Earlier this summer George Floyd died after allegedly passing a bad $20 bill buying cigarettes. He was Black. He was killed by law enforcement on Memorial Day, our holiday honoring those who die serving in the U.S. military.
I watched the video recorded in front of Cup Foods only once. Never again. My stomach keeps knotting. I cannot even look at the stills now. I cannot bear to see his face and I am just this side of vomiting every time I think about his death.
After reflecting on this, I think I have figured out why. Fifteen years ago, I passed two counterfeit $20s bills and nothing happened. Not only did nothing happen, but I did not even remember it until Floyd was killed.
To my memory, it was a sunny warm weekend in Minneapolis. My wife, Sue, and I were short of wine for the weekend and we wanted sandwiches for lunch. It is a classic Saturday Minnesota ritual: off to our favorite wine & cheese shop. It’s the best place to go for wine, sandwiches and any cheese we could think of.
Sue had just completed her annual garage sale with a good friend and offered me some cash. I took enough to cover the cost.
The clerk checked our stuff through. I paid her with two $20s to cover the bill, about $35. Moments later she said, “These are both counterfeit.”
“That can’t be. How can you even say that to me? If you give them back my bank will replace them.”
“No. Can’t do that. We give the bills to the police at the end of the shift. I need your name and address and phone number now. And you need to pay for this.”
I had two more $20s from the garage sale and I gave them to her.
“You’re good.” This after she tested the bills.
Then Sue and I walked out and continued our happy afternoon on a bright golden day in Minneapolis.
Why didn’t Floyd have that outcome?
For a lifetime I’ve rejected out of hand any reference to “white privilege” because I always worked hard to make the cut. Nothing was ever handed to me. But I realize that what happened with those two counterfeit $20s precisely embodies white privilege: Because of my skin color, in spite of my irritation & impatience, I got the benefit of the doubt. Floyd did not, and now he is dead.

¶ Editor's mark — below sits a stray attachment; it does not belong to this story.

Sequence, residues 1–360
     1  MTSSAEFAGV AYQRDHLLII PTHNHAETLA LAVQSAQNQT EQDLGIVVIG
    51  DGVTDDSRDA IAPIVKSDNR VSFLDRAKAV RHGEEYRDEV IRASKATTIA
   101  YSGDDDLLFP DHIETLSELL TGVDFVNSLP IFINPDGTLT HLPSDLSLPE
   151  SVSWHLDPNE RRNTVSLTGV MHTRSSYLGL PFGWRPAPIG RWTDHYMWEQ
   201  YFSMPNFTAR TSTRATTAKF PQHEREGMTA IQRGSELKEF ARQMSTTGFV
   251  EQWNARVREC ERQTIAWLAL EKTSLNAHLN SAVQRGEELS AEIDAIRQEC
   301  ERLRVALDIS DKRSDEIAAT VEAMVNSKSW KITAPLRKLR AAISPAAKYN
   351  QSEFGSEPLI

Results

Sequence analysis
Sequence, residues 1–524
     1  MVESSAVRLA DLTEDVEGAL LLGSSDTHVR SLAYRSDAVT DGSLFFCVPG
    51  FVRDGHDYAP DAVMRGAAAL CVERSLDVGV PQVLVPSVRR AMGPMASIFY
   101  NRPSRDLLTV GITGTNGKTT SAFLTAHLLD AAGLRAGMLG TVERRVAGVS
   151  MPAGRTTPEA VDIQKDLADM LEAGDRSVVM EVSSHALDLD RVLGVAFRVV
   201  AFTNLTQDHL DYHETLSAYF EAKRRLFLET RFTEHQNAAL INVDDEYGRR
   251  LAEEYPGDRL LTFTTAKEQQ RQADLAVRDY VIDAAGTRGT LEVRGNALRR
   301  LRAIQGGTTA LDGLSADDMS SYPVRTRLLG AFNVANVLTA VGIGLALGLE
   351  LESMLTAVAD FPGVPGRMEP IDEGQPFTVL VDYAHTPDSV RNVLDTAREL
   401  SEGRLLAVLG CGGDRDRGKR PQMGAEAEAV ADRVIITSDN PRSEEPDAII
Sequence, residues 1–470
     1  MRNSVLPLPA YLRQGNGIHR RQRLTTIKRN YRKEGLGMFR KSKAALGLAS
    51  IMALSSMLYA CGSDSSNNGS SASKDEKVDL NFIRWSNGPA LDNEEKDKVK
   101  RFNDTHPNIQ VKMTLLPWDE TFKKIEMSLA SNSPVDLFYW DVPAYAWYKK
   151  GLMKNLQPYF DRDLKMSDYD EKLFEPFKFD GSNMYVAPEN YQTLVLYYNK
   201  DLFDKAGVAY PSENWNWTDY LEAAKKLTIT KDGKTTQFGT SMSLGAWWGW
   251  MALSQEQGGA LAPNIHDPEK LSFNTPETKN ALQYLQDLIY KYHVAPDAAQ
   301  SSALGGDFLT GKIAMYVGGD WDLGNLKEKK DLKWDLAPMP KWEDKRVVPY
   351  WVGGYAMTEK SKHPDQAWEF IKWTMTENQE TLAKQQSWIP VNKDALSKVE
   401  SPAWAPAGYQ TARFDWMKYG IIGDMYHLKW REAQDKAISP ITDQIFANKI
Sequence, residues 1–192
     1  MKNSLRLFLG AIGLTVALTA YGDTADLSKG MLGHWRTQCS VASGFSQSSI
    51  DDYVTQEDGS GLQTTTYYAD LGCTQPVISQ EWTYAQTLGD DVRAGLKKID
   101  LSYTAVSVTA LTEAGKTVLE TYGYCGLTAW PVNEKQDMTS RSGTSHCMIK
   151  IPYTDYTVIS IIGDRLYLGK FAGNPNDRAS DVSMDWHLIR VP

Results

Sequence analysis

I’m 82, and this is the first time in my life I have recognized such privilege in my life. Until Floyd was murdered, I never understood that there have likely been many ways where I got the benefit of the doubt.
Jacob Blake is maimed now. Breonna Taylor, killed. My dread has deepened. Another memory has surfaced.
A more frightening event occurred in the late 1970s when my son and daughter were still school kids. I was driving a rental car on a business trip in California. Again a lovely summer day and this time, a routine traffic stop: A trooper signaled me to pull over. I pulled over.
There is no explaining what I did next — I hopped out of the car and walked back toward the trooper. She instantly dropped flat to the ground with her sidearm out and at me. She shouted “Halt!”
It is almost unbelievable that I am still alive. I knew I had not been speeding. I doubt any Black dad would have done what I did.
During a traffic stop in July 2016 Philando Castile played by the rules and stayed seated in his car in St. Paul. He was shot and killed by a police officer. With white privilege, a disease toxic and unseen, both Floyd and Castile have lived and died with a counterfeit liberty.
My hope is that memories of personal moments similar to mine return to many white men and women like me. We need to recognize guardrails of white privilege present in our everyday lives. What seems normal is clearly not — the liberty I have always taken for granted is as counterfeit as the $20 bills George Floyd and I took from our wallets.
We must recognize the cultural forces protecting white people, allowing many of us to err, to blunder and then continue the hard work of building a family and a life and a career. At the same time many others lose their lives and opportunities.
It is crucial that whites like me do this now because the more we recognize ourselves in younger Black men and women, the more we can use our influence to help them receive the benefit of the doubt. Then and only then will we all know and have an authentic liberty in our own lives.
Please listen to Black men and women peacefully working for liberty for every one of us. And at a minimum, if you recognize your life in mine, please donate to one or all three of these nonprofits: NAACP Legal Defense & Educational Fund; the ACLU; Equal Justice Initiative.
Boyd H. Ratchye is a retired trial lawyer and a current docent at Mia, living in the Twin Cities.
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